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WAR, PANDEMIC, AND CLIMATE CHANGE: GLOBAL CRISES—PAST AND PRESENT—AND THEIR PLACE IN WORLD CHRISTIANITY SCHOLARSHIP
Fourth International, Interdisciplinary Conference

In the last two decades, the study of world Christianity has significantly expanded its horizons. A testament to that is the growth of academic programs, chairs, conferences, and publications devoted to studies of Christianity’s kaleidoscopic local and global manifestations. Privileging lived experiences, world Christianity scholarship nowadays mainly focuses on concrete contexts, in the belief that faith should not be isolated from the rest of life. World Christianity scholarship, therefore, encourages approaches attentive to interactions across fluid borders—cultural, economic, existential, political, and religious—to promote embodied interpretations of these complex and interrelated realities. Whereas previous conferences asked questions about theory and methodology, our 2023 conference calls for fresh inquiry into the nature and responsibility of world Christianity scholarship at a time of overlapping crises of such ominous magnitude that the very ecology of life on planet earth looks increasingly imperiled. In short, in circumstances like today’s, what should we as concerned public scholars be doing differently, how, and why, with an eye on the past as well as the present?

Global crises such as war, pandemics, and climate change aggravate pre-existing vulnerabilities; reinforce patterns of racial and religious discrimination; and intensify gendered inequalities, poverty, and xenophobia. In times of extreme adversity, all communities may be affected but some more than others, and responses will widely differ: women, indigenous peoples, and the urban poor often suffer the consequences of disaster disproportionately, and our scholarship must make room for the voices of all who are marginalized. Based upon a multidimensional understanding of “the world” of world Christianity scholarship, we welcome local, global, and ‘glocal’ perspectives, whether descriptive or prescriptive. While the Russian invasion of Ukraine has for good reasons received extensive coverage from media outlets the world over, contributing to an upsurge of dormant anxieties about a global nuclear war, smaller-scale violent conflict continues to be an everyday experience for millions, especially in the global South. In addition to Ukraine, today’s killing fields are found in Ethiopia’s breakaway Tigray Province, the Middle East, including of course Israel-Palestine, to name but a few of the most troubled hotspots. War and its miseries are a dominant feature of Christianity’s history, almost from its very inception: Jesus and the Holy Family, after all, sought refuge in Egypt from an evil monarch; the first Christian communities lived under Roman occupation; and memories of the crusades still complicate Christian- Muslim relations. Christian ideals are one thing, our histories another—or, as the saying among colonized people went: behind the missionary comes the artillery. While Christian complicity in the crises of our diverse history surely needs to be interrogated, we also invite reflection, grounded in case studies, on counter-examples illustrating the resources, material and spiritual, that Christians bring to bear on the trials and travails of their times, whether in the 1st century or the 21st.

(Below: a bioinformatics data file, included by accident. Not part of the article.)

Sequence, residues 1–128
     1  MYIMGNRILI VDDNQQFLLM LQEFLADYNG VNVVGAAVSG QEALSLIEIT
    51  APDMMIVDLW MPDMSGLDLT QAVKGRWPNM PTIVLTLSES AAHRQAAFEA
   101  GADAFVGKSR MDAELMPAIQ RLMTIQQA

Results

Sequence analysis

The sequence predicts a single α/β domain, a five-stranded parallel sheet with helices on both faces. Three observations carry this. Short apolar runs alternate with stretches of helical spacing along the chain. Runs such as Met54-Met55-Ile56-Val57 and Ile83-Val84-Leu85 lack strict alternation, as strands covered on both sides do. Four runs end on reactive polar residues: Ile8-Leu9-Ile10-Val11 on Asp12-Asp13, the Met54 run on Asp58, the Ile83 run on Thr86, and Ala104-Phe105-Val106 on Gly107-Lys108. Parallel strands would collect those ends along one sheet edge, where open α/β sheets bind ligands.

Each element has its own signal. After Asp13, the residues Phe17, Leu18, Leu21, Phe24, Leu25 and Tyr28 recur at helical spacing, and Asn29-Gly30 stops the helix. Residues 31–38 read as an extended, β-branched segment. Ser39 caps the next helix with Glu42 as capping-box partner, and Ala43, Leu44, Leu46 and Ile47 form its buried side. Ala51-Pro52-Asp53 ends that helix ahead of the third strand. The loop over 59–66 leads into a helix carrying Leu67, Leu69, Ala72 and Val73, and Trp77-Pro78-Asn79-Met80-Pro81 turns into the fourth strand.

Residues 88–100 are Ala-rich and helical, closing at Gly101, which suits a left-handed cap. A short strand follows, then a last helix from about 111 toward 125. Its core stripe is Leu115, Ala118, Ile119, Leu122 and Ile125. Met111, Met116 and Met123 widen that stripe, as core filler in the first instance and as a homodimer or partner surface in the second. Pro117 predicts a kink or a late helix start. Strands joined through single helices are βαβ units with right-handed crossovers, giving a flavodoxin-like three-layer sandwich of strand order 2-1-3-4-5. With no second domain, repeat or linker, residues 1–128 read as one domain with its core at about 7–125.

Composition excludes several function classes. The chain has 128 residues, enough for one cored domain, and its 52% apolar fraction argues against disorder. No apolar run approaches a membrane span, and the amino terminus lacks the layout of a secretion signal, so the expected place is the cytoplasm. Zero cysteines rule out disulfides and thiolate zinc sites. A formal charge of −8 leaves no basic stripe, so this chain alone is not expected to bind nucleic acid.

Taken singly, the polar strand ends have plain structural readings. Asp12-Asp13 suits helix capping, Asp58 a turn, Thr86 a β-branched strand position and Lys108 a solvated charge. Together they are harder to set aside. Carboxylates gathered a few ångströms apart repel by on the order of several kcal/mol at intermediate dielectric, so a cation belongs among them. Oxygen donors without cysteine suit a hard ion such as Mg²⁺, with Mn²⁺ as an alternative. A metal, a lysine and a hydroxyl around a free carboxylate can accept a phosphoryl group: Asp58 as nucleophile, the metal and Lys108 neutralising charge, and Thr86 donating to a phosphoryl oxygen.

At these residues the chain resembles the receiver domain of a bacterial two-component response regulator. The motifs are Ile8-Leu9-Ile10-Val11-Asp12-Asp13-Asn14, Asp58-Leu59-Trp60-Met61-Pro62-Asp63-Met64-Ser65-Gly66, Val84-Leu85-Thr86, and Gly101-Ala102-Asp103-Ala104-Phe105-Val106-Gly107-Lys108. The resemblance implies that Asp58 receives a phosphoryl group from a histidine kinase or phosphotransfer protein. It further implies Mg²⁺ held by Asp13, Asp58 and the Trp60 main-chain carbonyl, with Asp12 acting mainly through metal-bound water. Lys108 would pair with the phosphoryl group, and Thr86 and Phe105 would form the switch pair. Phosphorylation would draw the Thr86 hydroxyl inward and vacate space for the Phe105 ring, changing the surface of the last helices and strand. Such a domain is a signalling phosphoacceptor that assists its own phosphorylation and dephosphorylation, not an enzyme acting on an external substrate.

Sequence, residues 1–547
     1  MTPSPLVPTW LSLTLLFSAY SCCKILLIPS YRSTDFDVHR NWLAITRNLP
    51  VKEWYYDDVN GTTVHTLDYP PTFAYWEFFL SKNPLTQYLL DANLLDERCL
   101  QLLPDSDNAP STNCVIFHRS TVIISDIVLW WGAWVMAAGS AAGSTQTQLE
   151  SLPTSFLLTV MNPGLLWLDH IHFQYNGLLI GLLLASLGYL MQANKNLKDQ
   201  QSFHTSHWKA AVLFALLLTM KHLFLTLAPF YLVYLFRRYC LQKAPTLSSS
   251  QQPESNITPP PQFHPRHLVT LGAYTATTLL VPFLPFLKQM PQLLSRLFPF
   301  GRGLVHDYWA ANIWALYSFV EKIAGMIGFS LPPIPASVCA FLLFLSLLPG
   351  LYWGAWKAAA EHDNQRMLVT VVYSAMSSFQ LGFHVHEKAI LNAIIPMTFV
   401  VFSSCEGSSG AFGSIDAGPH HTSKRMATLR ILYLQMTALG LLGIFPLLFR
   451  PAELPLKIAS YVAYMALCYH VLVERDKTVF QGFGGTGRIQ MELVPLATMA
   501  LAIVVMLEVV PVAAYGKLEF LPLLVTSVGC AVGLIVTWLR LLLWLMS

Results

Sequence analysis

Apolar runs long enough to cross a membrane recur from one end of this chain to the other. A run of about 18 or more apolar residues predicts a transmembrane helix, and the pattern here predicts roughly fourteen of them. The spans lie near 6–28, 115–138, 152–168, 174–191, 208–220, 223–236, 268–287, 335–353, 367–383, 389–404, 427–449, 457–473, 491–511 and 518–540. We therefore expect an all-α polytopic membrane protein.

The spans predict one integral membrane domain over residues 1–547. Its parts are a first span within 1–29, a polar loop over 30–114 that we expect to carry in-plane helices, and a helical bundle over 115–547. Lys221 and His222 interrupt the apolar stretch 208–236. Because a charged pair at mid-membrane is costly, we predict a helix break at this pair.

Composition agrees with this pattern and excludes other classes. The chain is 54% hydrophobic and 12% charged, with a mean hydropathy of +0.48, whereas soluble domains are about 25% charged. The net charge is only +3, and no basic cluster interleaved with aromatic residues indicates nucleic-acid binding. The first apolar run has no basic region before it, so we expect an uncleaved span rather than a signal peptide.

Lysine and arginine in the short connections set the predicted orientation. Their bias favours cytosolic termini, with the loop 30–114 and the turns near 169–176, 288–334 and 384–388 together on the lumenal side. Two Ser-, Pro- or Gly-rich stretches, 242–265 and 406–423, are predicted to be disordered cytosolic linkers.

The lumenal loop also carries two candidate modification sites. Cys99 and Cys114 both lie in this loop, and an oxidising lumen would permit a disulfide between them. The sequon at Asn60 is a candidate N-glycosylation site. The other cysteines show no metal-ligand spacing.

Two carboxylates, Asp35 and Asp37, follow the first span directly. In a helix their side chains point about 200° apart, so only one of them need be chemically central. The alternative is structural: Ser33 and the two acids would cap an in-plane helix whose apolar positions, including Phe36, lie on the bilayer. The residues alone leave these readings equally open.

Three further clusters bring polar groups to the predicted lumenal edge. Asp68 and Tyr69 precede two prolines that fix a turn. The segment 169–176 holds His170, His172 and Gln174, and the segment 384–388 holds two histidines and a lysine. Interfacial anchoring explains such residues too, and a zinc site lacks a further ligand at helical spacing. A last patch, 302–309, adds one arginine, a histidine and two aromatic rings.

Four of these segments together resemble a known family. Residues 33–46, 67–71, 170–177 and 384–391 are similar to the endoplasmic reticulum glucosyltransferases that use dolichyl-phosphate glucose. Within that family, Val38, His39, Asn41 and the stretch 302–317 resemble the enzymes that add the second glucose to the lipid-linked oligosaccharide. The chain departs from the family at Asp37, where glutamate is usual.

As for pandemics, the whole world has been disrupted by the COVID-19 pandemic, starting in March 2020, thus far killing more than six million people. In the 20th century alone, the influenza pandemic of 1918-1920 may have caused 20–50 million deaths. Throughout the centuries, diseases have travelled far and wide, afflicting many and sometimes altering the course of history: the Bubonic Plague, for instance, estimated to have killed 25 million in Europe in the 14th century, but also cholera, polio, Ebola, Zika, and AIDS/HIV, to single out just a random sample.

Although climate change may be a more recent—and, in the estimate of some, even more ominous— crisis threatening the planet, a consensus among scholars traces its origins back to the Industrial Revolution in the second half of the 18th century, the burgeoning of the world’s population in the centuries since then, and the increase of carbon emissions derived mostly from fossil fuels. Global warming, drought, deforestation (in, for example, the Amazon), melting of the polar icecaps, and the intensification of weather disasters are some of the best-known effects of climate change. Rising sea levels may eventually submerge certain Pacific Island nations, rendering them uninhabitable even before they vanish beneath the waves. The human cost of climate change is, moreover, exacerbated by the environmental havoc of war—including nowadays armed competition for scarce resources—and the spread of diseases, old and new.

While each of these three—war, pandemic, and climate change—has elicited concern in one form or another from Christian scholars ever since the rise of the Ecumenical Movement in the wake of WWI and the influenza pandemic that followed, our key interest is to discern how world Christianity scholarship could be made more cognizant of them as we explore relatively understudied modalities of what it means to be “Christian” in an anxious world beset with crises. Accordingly, we welcome panels and papers on any and all topics relevant to our conference theme, whether contemporary or historical. As in previous conferences, in 2023 the Global South will remain our primary although not exclusive frame of reference. We particularly encourage case-based studies grounded in historical/empirical research, while proposals from ethical, theological, and missiological perspectives will also be considered.

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